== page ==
• The IRS Dirty-Dozen: The Monetized Installment Sale is on the IRS dirty dozen list for being used on anything other than farming-related goods. The Installment Sale Trust is not on this list since it is 100% IRS-compliant.

Only farmers are allowed to use the Monetized Installment Sale because operate in a highly volatile industry. They're at the mercy of weather conditions, fluctuating commodity prices, and seasonal income. This makes financial planning a bit of a rollercoaster ride. The main reasons for this tax break are...

1. Seasonal Income

Farming is not a 9-to-5 gig. Income can be highly seasonal, depending on the type of farming. This makes it challenging to manage cash flow, especially when large capital investments are needed for things like equipment and seeds.

2. Asset-Intensive

Farming requires significant assets—land, machinery, livestock, etc. When a farmer decides to sell, the capital gains can be substantial, leading to a hefty tax bill that could be crippling given their irregular income.

3. Economic Stability

Farming is crucial for any country's economic stability and food security. The government has a vested interest in making sure farmers can operate sustainably. Tax incentives are one way to achieve this.

Farmers can perform Monetized Installment Sales on unprocessed good sales, allowing tax deferral on each crop yield. For more information about how farmers can increase their yearly income from using this strategy, go to CB Farmer's Trust.

The Legal Backbone: Trust Law and IRS Code 453

To understand why ISTs are compliant and Monetized Installment Sales are not, let's dig into the legal framework:

Trust Law

  • Asset Protection: ISTs are structured as revocable trusts, offering robust asset protection while offering a way out in case of needed liquidity.

  • Fiduciary Responsibility: The trustee has a fiduciary responsibility to manage the trust assets in the best interest of the beneficiary, adding a layer of accountability.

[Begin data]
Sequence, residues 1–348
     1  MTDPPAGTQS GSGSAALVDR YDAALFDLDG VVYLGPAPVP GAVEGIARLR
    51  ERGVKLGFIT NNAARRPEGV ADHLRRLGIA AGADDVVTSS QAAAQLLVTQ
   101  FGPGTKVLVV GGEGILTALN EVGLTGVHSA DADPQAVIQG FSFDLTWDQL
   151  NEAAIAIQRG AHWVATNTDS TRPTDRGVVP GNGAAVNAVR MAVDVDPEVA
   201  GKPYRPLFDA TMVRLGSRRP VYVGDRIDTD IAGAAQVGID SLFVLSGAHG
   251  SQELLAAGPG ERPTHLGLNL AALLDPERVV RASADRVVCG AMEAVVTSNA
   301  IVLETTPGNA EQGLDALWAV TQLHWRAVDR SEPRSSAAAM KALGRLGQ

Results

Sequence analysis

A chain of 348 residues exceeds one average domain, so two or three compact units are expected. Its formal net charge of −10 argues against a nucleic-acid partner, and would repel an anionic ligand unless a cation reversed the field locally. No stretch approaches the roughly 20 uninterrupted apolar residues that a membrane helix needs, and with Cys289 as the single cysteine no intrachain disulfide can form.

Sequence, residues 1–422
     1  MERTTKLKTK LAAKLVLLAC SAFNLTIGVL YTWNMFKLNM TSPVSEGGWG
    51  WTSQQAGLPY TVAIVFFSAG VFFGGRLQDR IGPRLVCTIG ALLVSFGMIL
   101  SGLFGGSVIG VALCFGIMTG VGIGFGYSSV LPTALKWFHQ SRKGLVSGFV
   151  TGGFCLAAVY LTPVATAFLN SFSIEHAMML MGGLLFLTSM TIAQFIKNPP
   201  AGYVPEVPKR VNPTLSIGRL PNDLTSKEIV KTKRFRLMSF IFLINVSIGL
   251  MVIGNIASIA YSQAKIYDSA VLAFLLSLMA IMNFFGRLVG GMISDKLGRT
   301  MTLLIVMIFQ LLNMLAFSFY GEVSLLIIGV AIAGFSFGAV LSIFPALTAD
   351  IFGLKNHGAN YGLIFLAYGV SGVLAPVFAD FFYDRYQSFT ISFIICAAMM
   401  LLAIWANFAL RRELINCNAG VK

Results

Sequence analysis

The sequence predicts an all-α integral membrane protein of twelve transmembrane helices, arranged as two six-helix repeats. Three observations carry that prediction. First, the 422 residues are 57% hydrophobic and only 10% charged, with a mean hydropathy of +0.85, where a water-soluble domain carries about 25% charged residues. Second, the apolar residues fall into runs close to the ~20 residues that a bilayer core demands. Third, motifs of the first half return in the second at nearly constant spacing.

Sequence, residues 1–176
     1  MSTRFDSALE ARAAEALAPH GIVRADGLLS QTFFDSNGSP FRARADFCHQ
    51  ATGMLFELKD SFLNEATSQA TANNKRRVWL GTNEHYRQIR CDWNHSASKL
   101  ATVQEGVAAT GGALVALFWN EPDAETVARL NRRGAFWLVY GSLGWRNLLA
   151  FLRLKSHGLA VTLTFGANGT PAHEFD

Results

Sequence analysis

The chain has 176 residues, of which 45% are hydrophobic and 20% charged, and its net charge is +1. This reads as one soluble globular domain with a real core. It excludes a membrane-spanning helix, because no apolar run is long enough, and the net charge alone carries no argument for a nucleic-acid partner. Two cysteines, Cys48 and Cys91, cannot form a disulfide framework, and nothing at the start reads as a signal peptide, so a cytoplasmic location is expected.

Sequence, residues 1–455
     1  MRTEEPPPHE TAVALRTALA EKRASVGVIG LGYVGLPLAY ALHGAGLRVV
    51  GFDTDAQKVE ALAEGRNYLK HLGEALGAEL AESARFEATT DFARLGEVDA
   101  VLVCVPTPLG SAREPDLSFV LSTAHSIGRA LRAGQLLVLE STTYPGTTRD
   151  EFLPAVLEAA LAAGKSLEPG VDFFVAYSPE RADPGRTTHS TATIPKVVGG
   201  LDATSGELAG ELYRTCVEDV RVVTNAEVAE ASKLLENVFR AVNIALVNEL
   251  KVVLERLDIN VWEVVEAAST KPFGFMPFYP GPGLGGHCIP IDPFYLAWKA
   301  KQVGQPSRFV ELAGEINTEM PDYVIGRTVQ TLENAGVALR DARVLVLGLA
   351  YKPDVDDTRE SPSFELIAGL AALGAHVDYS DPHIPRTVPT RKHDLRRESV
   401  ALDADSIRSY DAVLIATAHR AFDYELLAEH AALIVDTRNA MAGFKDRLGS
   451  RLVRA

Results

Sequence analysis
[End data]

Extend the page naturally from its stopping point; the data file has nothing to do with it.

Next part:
IRS Code 453

  • Payment Schedule: ISTs adhere to the payment schedules outlined in IRS Code 453, ensuring that the sale qualifies for installment treatment.

  • No Immediate Tax Liability: By following IRS Code 453, ISTs allow you to defer your capital gains tax, giving you more financial flexibility.

Conclusion

When it comes to tax-deferred asset sales, the Installment Sale Trust is your best bet for staying on the right side of the law. It adheres to both trust law and IRS Code 453, making it a rock-solid option for deferring capital gains tax. On the other hand, Monetized Installment Sales are a risky venture that could land you in hot water with the IRS.

If you are not a farmer and anyone tells you that you can monetize an installment note... RUN!!!

So, if you're looking to sell your highly appreciated assets tax-free, stick with the tried-and-true Installment Sale Trust. Your future self (and your wallet) will thank you.

If you are looking to implement the IST into your next sale, schedule a meeting with us. We'll run a Revenue Estimator Report to see your potential tax savings from using an IST vs a conventional sale. We also compare using an IST vs. a 1031 Exchange.